Thy Kingdom come

The following quote has been used, with appreciation, from “The Lord’s Prayer and the Nazis” by Nijay Gupta, May 6, 2016,

“Ultimately, praying ‘Thy kingdom come’ is a very dangerous prayer – at least it was meant to be. Think about it this way – in 1937, New Testament theologian Ernst Käsemann was arrested for his resistance to National Socialism in Nazi Germany. The major catalyst for his arrest was a sermon he gave on Isaiah 26:13 – “O Lord our God, other lords besides you have ruled over us, but we acknowledge your name alone.” In the audience were some Gestapo officials who reported him to authorities on the charge of treason. He was jailed for almost a month. For Käsemann, to acknowledge the Lordship of Jesus, the “Kingdom of God,” was to challenge the evil kings of the world (see Psalm 2) – and they do not like to be challenged.”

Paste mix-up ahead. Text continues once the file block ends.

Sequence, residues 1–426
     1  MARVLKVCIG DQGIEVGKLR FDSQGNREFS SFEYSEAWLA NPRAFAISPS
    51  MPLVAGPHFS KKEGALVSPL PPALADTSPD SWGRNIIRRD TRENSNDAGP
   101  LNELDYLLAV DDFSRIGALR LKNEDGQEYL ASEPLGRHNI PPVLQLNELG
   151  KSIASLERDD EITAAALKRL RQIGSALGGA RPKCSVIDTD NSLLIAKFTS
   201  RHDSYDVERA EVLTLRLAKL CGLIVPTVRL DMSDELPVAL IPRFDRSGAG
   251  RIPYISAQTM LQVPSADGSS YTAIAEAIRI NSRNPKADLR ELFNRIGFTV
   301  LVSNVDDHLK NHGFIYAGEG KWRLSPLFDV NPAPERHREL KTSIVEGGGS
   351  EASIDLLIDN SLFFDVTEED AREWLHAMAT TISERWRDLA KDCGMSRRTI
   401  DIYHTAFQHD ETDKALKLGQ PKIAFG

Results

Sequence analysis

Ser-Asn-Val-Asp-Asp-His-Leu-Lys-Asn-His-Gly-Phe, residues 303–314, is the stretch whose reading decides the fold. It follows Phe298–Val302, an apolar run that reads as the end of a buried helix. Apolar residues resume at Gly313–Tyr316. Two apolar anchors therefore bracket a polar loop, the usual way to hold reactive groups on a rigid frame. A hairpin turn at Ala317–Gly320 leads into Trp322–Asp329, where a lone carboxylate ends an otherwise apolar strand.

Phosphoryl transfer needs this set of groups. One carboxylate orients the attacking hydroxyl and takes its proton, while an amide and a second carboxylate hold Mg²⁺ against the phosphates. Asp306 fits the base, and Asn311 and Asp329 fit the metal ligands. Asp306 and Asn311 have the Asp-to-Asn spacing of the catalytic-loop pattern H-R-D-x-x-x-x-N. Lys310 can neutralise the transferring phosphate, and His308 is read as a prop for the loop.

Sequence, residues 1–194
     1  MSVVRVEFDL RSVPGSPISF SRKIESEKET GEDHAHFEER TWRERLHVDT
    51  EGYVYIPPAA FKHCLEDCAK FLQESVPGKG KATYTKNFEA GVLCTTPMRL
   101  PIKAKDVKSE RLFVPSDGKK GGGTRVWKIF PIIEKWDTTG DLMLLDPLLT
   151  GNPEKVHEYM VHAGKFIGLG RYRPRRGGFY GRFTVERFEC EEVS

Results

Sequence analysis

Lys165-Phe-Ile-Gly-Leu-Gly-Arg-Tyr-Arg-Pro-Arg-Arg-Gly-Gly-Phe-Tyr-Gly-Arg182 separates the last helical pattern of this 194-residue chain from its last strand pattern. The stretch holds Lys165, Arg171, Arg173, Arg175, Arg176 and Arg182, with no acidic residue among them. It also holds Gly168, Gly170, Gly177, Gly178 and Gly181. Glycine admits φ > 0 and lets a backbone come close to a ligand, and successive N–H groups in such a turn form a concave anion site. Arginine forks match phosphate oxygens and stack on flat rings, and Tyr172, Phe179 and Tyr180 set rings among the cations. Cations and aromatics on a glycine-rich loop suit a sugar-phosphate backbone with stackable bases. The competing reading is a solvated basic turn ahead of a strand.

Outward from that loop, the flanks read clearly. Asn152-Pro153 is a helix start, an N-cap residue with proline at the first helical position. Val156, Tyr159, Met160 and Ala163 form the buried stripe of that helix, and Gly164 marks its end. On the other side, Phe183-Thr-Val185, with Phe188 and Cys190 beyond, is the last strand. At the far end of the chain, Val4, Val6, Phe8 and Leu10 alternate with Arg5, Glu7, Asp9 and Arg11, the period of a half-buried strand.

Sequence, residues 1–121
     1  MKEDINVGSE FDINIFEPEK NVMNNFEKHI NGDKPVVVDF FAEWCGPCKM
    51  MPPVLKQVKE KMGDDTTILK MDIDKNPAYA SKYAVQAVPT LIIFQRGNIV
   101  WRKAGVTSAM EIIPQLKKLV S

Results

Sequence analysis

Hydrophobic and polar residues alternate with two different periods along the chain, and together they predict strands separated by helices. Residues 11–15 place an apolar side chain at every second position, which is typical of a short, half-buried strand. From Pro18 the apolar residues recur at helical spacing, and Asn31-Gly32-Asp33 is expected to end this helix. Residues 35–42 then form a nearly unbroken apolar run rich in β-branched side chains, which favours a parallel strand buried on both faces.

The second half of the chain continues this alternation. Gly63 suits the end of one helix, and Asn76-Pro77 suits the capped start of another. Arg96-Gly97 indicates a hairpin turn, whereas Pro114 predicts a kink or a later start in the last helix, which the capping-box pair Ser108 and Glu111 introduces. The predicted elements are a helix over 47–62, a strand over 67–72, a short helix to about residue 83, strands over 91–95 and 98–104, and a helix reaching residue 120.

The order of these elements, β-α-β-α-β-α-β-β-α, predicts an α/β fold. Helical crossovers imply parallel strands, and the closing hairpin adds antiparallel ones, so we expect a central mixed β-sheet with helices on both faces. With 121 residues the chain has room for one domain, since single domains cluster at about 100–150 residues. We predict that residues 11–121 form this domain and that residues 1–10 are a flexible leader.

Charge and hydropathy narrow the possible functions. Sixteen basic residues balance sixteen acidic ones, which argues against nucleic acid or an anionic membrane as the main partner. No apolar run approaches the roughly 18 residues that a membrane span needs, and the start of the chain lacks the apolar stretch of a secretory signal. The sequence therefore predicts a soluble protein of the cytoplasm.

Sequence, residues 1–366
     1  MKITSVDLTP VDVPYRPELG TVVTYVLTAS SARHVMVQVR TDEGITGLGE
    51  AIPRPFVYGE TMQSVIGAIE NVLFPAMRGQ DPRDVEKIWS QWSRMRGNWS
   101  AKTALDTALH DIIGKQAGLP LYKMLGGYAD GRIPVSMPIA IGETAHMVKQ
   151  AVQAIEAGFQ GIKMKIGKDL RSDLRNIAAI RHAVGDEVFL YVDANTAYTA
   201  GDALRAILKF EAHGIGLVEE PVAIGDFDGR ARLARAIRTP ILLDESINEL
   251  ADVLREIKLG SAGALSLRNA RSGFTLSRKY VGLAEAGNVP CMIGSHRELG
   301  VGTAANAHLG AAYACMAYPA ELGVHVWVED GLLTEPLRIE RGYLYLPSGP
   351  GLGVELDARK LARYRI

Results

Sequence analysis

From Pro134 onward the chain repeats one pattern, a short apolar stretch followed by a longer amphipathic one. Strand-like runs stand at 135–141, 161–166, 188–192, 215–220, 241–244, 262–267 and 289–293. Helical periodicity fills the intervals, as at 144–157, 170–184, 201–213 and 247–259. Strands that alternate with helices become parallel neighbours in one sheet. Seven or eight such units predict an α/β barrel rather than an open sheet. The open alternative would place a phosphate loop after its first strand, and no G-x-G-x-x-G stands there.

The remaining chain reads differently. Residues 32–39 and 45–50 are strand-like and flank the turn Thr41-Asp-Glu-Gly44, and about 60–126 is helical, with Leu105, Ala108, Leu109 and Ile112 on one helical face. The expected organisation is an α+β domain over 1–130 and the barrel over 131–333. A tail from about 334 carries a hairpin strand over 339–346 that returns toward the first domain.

“When we pray “Thy kingdom come,” it is not just praying, God do what you want, and I will sit here and wait patiently. It is a missional prayer – I look around me and I see the horror of the “kingdoms of the world and their glory” when they submit to the devil (Matt 4:8), and I long for the virtues of the “Kingdom of God” as imagined in the Beatitudes – humility (5:4), empathy (5:5), integrity (5:6), mercy and grace (5:7), transparency (5:8), seeking goodwill for all (5:9), and courage to do what is right no matter what (5:10).”

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